Trying to Move On MoveOn.Org

In the spirit of ecumenism, and convinced that there is too much one-sidedness in the political discussion now riving the country, I attended my first (and probably only) meeting of MoveOn.org, the radical progressive organization that, backed by the billions of Richie Rich radical mover and shaker George Soros, has spearheaded so much dissension since the advent of Bush 43, and now continues to fulminate against those on the right who stand against the dubious programs of President Barack Obama. 

Using a pseudonym, I checked into the meeting held on East 49th.  The meeting was called for 3 pm, and lasted close to three hours.  The 8-page agenda handout was entitled AMERICAN DREAM HOUSE MEETING, and was hosted, it said, by Rebuild the Dream, "powered by MoveOn.org civic action."

MoveOn.org Civic Action is listed as a 501(c)(4) organization that primarily focuses on "non-partisan" education and advocacy on important national issues.  Its membership numbers are not disclosed.

The location promised a swank coop, perhaps, or at least a brownstone with antiques and sky-high views of the UN, but no.  The actual venue was down a dark alley, with a cage in the rear for two straining-at-the-leash doberman pinschers.  It was a basement bunker that evoked the hideouts of the Partisans during WWII, with space for some 25 to 30 people of varying ages and incomes.  Josef Mengele, perhaps, could have used the site for some of his less savory "experiments" on Jewish twins: raw cement stucco walls, painted garish shades of chartreuse, bilious pink, and Simpson blue.  Harsh fluorescent lighting.  Tile floors.  Beams.  Building joists and columns.

Happily, immediately to hand near our card-table chair was a table of beckoning finger foods, unexpected though certainly, in the sweltering heat of a 90+-degree NYC summer Sunday, welcome.  Sodas and water in a Styrofoam ice crate.  M&Ms and chocolate kisses "to balance out," as one of the organizers advised us, the crudités and tuna and ham wraps, broccoli and cauliflower florets; pretzels, chips, and sour cream dip.  Tea Party meetings are not often accompanied by tasty morsels.  But then again, this was a deliberate effort to undermine, copy, and supersede the Tea Party juggernaut that has proven so remarkably durable and provident at the ballot box.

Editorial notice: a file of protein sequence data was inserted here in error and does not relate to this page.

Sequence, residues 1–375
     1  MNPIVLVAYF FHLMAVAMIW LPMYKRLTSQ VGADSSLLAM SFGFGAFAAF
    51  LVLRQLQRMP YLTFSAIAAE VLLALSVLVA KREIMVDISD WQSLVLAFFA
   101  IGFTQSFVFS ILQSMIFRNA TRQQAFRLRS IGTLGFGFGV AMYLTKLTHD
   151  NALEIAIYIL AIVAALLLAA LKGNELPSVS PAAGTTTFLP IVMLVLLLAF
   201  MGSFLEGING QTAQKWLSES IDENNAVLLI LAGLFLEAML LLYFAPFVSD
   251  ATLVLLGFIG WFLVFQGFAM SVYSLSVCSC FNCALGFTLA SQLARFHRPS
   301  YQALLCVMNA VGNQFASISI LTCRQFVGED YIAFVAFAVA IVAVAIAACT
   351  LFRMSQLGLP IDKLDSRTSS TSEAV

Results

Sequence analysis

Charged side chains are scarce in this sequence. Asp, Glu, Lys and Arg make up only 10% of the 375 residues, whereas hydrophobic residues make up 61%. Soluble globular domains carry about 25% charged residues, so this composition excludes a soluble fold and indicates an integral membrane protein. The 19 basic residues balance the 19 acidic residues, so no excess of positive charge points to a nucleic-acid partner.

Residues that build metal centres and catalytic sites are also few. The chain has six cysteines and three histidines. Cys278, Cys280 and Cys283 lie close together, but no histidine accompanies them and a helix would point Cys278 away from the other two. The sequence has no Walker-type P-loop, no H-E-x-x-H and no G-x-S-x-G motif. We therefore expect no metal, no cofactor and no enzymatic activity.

The effort to supplant the largely spontaneous Tea Party was clearly at the top of the agenda, as various people repeatedly stated this weekend was a grassroots effort "across the country" of the progressive team.  We were told that MoveOn is "about 5 million strong."  And that, this weekend, some 20,000 people were meeting in house meetings all over the country.  The handout states that there would be 25,000 people meeting throughout the metropolitan areas so key to recapturing the dream.  It is not accidental that the term "American dream" figures so prominently in this scheme, since the push for illegal amnesty has come under the same rubric, called the DREAM Act entitlement program.  The DREAM Act has met with determined resistance whenever it has come up for a vote, despite the backing of key Democrat legislators and the administration itself.